Brian Gongol Show on WHO Radio - February 8, 2015

Brian Gongol

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Please note: These show notes may be in various stages of completion -- ranging from brainstormed notes through to well-polished monologues. Please excuse anything that may seem rough around the edges, as it may only be a first draft of a thought and not be fully representative of what was said on the air.

Making economics work

A nearly-perfect economic system? This question has been on my mind this week, after reading comments left on Facebook by a friend who thinks -- and I quote -- "capitalism wants to keep us poor and wants us to blame ourselves for it." Now, this is a very dear friend, so I want to frame my response to this as though speaking to that very dear friend.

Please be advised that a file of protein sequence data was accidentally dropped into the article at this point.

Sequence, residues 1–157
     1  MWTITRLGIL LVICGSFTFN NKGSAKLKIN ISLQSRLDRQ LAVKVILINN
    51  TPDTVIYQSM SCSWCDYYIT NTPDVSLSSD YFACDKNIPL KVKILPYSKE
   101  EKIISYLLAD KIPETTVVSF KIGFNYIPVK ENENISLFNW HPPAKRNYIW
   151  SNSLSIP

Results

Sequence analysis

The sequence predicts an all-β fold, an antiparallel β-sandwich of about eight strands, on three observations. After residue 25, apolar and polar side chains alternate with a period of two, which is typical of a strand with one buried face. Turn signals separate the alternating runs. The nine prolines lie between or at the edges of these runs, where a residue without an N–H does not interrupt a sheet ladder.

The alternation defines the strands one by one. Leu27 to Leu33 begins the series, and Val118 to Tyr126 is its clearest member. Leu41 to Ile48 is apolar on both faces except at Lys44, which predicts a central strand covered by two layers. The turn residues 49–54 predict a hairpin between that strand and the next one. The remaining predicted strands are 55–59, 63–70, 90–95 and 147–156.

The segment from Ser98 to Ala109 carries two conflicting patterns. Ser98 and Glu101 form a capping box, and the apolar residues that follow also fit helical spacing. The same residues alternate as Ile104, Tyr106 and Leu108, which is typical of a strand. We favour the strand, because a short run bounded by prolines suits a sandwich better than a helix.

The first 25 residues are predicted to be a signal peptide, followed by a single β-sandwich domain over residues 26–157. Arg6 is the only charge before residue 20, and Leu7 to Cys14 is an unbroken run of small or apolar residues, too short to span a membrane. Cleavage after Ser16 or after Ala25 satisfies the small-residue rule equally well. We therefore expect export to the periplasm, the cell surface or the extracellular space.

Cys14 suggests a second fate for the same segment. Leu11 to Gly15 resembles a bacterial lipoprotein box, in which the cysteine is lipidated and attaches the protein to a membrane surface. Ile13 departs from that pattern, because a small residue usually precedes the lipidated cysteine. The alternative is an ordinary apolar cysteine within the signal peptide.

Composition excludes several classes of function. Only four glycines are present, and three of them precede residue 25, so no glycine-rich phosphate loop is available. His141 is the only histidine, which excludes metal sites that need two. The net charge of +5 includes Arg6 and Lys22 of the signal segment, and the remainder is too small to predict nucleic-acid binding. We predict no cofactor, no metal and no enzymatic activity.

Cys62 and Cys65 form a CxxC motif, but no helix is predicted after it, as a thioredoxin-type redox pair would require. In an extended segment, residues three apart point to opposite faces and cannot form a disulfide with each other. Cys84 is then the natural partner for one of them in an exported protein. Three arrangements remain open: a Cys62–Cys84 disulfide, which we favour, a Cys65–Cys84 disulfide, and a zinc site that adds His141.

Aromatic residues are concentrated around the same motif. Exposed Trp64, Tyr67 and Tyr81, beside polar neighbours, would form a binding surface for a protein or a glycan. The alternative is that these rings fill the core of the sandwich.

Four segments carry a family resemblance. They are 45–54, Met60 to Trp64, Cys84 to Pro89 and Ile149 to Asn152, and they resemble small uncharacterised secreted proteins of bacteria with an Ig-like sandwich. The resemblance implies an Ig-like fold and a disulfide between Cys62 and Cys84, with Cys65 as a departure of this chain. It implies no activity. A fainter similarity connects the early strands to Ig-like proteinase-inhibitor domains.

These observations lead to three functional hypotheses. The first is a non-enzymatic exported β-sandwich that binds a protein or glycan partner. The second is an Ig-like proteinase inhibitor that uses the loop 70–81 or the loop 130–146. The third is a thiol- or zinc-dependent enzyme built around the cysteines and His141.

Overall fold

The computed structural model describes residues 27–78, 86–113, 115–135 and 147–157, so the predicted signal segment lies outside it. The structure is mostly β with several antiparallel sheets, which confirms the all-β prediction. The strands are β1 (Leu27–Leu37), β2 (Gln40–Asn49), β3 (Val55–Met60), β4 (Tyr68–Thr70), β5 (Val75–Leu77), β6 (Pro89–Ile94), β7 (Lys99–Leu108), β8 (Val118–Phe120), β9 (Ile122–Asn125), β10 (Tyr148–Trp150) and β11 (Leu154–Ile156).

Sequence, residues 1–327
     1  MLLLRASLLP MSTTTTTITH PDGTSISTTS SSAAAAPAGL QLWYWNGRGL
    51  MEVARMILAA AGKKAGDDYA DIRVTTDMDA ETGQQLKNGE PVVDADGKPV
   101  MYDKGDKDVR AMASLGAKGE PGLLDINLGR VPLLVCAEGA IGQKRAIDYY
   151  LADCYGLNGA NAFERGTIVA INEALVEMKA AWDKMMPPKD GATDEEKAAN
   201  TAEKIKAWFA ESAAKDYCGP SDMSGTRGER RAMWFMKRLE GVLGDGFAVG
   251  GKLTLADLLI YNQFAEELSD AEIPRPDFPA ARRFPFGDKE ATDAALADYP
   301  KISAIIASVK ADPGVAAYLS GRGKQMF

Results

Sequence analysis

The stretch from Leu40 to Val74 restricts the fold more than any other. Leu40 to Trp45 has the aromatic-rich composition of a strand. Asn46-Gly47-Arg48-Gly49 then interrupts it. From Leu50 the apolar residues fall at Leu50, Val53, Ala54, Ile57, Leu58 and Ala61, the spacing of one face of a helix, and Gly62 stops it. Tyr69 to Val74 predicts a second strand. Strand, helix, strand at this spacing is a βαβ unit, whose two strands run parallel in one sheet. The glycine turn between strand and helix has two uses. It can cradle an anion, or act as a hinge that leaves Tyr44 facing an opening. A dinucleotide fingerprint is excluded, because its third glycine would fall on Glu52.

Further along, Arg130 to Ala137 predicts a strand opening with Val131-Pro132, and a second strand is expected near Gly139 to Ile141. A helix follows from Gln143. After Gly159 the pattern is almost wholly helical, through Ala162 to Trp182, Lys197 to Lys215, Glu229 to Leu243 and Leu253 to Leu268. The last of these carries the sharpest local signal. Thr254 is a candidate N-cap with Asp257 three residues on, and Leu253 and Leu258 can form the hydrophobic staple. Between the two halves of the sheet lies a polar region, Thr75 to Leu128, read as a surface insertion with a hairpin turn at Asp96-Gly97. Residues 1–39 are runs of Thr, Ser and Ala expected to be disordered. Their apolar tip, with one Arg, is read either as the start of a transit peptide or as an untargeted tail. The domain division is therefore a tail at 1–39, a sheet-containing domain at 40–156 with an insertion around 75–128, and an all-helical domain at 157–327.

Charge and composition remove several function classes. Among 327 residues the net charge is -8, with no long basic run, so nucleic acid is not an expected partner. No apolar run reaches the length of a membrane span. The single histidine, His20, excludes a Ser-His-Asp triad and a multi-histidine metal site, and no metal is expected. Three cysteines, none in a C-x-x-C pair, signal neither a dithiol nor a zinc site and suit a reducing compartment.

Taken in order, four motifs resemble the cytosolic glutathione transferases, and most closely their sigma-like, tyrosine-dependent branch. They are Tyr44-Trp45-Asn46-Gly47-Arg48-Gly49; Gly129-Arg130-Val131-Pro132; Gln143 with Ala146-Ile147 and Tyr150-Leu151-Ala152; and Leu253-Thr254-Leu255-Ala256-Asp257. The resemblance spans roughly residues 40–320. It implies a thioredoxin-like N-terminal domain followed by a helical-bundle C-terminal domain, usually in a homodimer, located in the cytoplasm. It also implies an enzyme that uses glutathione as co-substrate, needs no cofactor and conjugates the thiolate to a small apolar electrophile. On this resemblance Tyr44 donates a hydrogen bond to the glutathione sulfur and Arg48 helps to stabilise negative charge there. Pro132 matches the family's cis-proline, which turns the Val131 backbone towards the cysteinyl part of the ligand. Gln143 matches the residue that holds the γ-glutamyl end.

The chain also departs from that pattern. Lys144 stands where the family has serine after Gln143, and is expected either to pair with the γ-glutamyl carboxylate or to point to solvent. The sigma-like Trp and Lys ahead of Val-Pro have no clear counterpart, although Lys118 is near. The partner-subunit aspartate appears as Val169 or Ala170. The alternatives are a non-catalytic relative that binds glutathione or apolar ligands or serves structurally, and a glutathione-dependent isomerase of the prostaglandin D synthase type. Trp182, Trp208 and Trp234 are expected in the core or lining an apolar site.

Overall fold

No, capitalism doesn't "want" to keep anyone poor. Quite the opposite. The nature of an economic system built upon the free exchange of money and goods and services is actually the system that most undermines the kind of poverty that has for much of human history kept people subjugated to those with other forms of power.

What system would work better? The capitalist alternative to these -- free exchange and free markets under the rule of law -- isn't a perfect system in that it sometimes does permit costs that nobody has incentive to pay (like pollution) and fails to reward some things that are very good for society but that aren't materially profitable. But as opposed to all of the other systems, it's much better to have an imperfect system (like capitalism) that gets the biggest, broadest brushstrokes right with some tinkering and patches to fix the things it gets wrong.

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